Phase III marks the start of the upheaval that resulted in Bokoni’s decline in the 19th century, while Phase IV documents the diaspora from the mid-19th century onwards. Bokoni broke apart because of regional conflict in the early to mid 1800s.
Given the dearth of written or oral history from Phase I, we turned to the science of dating in our search for answers.
Only two radiocarbon dates exist for sites from this period and region. This is because radiocarbon dating is not ideal for Bokoni. Radiocarbon dating measures the radioactive carbon isotope in organic remains. The technique provides the date of death by measuring the remaining radiocarbon component of organic remains like bone or wood. But in certain conditions the soil does not preserve organic remains.
Read more: Explainer: what is radiocarbon dating and how does it work?
Luminescence dating was far more suitable for the Bokoni site. Optically stimulated luminescence is a dating technique that measures when quartz or feldspar grains within the soil were last exposed to light or heat. This time stamp tells us when these minerals were buried (or trapped in an object like a pot).
When quartz grains are exposed to light, their electrons become excited and leave their correct orbitals; this is called bleaching. At the point of bleaching, the grain has age zero. Once the grain is buried, it uses the radiation within the surrounding soil to return its electrons to their correct orbital. https://giphy.com/embed/viMzFjupr4p5Qcu5uq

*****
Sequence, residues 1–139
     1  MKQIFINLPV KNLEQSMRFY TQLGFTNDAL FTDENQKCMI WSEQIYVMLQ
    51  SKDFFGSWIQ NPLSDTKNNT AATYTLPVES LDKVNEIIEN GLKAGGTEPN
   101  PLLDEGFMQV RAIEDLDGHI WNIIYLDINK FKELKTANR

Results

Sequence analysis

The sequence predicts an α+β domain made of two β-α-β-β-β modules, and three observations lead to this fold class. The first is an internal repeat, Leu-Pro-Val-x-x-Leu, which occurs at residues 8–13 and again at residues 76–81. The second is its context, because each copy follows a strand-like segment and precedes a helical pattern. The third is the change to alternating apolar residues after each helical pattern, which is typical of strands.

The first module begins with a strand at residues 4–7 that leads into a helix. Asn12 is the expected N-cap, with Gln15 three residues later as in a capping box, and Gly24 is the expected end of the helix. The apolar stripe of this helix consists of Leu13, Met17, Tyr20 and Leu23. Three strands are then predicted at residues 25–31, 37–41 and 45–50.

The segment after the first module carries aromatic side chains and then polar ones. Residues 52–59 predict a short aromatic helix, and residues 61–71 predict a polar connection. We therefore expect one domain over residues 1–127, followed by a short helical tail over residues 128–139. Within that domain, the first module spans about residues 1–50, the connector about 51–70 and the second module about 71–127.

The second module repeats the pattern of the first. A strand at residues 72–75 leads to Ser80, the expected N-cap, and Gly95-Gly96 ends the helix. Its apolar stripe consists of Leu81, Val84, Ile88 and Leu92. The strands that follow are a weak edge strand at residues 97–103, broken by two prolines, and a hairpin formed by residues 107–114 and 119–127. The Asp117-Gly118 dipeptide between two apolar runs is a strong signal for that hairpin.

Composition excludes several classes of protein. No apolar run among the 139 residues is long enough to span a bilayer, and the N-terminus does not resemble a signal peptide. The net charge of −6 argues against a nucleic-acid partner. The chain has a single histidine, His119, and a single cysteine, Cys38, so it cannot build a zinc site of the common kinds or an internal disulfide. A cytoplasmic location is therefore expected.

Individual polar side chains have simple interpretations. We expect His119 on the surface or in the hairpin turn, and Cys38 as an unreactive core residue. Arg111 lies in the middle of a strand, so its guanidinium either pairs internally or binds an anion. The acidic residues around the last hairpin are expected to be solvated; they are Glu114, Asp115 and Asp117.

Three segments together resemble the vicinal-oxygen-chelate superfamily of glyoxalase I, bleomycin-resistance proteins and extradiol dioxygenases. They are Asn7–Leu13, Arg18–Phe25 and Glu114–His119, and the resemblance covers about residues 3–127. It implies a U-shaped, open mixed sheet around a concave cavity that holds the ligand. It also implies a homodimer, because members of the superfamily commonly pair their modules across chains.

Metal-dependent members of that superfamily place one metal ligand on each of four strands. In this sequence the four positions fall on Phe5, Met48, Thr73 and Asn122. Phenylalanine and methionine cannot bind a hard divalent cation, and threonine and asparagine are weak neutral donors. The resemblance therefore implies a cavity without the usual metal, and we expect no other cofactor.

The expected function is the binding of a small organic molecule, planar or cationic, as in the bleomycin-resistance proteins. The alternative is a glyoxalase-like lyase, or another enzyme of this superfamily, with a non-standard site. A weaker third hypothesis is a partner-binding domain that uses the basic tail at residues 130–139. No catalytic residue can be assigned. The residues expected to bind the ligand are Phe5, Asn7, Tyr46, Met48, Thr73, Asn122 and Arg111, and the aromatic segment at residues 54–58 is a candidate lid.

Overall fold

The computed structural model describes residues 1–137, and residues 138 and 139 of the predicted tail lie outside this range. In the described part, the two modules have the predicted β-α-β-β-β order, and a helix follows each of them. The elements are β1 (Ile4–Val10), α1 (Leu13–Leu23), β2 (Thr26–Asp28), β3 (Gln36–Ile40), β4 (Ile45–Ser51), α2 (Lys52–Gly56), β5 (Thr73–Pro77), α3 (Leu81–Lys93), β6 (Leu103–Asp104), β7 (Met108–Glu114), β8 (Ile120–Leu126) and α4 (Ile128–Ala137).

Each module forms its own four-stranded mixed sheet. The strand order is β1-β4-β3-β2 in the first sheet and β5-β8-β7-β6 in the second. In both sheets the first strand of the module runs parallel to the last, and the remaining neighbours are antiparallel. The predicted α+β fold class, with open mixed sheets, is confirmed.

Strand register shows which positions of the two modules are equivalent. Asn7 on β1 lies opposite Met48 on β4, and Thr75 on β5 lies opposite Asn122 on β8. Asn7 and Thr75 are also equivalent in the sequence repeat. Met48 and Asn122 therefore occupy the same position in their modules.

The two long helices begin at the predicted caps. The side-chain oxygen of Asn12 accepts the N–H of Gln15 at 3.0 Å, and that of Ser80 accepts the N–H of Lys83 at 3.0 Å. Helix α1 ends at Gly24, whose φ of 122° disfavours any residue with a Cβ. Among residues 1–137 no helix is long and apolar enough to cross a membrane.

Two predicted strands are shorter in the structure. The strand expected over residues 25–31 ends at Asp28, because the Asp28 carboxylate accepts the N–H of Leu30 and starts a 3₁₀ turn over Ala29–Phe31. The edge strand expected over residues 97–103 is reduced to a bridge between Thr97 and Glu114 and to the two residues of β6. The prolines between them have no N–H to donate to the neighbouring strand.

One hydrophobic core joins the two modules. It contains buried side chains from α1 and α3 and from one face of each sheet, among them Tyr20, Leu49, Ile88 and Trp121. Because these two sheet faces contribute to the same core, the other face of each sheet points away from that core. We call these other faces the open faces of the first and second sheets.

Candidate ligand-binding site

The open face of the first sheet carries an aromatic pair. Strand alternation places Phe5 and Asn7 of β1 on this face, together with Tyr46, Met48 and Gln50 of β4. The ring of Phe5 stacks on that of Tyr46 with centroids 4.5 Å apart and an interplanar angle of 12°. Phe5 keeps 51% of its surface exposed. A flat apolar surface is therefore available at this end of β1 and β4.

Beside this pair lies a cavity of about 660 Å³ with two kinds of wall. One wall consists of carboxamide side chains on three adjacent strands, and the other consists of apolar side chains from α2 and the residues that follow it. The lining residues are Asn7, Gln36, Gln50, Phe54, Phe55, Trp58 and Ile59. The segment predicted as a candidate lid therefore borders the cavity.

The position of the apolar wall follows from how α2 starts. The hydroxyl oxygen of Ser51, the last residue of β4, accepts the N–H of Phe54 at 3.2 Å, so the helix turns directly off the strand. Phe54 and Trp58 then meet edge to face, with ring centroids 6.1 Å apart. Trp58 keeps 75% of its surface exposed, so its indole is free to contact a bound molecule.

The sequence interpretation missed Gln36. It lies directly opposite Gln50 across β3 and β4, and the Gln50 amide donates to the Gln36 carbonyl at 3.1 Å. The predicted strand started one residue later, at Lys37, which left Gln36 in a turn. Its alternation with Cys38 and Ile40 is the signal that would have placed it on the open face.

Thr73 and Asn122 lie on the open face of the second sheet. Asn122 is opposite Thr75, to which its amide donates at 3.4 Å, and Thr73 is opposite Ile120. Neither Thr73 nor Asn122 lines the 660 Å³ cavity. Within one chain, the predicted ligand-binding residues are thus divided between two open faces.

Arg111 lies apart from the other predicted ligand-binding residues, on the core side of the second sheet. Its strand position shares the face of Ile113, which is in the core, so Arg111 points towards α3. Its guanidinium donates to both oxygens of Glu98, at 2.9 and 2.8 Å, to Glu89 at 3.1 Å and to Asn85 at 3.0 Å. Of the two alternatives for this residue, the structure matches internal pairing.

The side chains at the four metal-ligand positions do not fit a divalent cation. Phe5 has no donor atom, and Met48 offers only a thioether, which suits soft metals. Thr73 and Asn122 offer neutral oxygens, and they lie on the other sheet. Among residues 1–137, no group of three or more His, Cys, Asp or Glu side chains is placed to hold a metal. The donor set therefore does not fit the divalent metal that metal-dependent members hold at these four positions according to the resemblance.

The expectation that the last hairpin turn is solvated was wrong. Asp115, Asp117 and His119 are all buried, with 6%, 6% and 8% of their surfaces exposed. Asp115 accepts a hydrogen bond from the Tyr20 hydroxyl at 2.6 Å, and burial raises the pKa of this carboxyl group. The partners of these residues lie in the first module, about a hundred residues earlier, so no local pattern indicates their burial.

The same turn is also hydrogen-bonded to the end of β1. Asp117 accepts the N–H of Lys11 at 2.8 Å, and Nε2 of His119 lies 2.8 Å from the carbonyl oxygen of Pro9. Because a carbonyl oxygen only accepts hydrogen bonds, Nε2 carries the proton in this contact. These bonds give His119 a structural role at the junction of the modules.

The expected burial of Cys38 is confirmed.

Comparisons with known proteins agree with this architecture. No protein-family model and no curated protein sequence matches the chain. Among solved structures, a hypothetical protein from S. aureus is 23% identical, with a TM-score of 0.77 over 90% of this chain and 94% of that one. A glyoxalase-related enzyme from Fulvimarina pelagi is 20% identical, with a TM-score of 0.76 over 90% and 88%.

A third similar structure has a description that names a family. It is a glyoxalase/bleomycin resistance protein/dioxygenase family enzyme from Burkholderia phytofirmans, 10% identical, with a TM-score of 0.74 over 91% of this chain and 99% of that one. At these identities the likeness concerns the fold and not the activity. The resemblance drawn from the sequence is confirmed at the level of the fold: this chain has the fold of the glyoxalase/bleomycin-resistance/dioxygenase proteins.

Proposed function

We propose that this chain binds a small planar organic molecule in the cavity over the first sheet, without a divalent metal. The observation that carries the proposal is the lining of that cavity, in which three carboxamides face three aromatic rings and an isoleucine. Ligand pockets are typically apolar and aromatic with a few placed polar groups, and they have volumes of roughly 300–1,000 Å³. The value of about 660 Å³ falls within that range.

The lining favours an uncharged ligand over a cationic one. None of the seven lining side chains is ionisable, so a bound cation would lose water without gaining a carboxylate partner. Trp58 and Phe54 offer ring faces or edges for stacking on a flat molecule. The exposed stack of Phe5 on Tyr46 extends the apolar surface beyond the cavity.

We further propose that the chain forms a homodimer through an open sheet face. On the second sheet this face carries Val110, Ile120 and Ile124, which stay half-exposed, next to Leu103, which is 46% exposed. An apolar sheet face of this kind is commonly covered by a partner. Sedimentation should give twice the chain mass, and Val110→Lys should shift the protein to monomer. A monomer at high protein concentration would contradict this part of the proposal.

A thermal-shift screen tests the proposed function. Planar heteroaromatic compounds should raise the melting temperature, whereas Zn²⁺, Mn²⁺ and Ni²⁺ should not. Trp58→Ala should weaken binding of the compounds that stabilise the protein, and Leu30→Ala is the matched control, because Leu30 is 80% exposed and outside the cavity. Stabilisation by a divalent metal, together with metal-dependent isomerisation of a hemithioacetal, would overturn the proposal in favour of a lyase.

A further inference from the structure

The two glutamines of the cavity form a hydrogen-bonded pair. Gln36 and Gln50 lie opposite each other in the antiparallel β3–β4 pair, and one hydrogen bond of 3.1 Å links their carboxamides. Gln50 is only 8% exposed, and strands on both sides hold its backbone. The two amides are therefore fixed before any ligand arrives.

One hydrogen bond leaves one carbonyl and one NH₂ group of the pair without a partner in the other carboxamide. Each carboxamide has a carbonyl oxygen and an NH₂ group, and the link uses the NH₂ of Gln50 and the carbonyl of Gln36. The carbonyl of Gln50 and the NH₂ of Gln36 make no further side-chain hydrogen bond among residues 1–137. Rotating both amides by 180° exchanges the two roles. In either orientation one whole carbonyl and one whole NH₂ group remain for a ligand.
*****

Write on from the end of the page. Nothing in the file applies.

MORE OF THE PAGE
A GIF showing the process, Ruby-Anne Birin via GIPHY
Scientists then measure the dose absorbed by the grain and divide it by the rate at which that dose was absorbed. This value provides the date of the last exposure to light, which allows us to determine when a material or surface became buried, or when a pot was last fired.
Our team used this technique at two homesteads in Komati Gorge Village, a southern town within Bokoni. We already knew that one homestead was older than the other because many of its stones were re-purposed to build the more recent settlement.
Our results indicate several periods of occupation, abandonment and new construction. The older homestead was occupied from as early as 1489CE until it was abandoned around 1577CE. The builders of the younger homestead reused the older from approximately 1682CE to 1765CE. The younger homestead itself was reused at some time between 1738CE and the early 20th centuary.
Future work refining our understanding of the occupation periods of Bokoni may also allow us to better reconstruct the environmental and political landscape people lived within.
Ruby-Anne Birin, DPhil student in Archaeological Science, University of Oxford; Alex Schoeman, Associate professor, School of Geography, Archaeology and Environmental Studies, University of the Witwatersrand, and Mary Evans, Senior Lecturer in Physical Geography and Geochronology, University of the Witwatersrand
This article is republished from The Conversation under a Creative Commons license. Read the original article.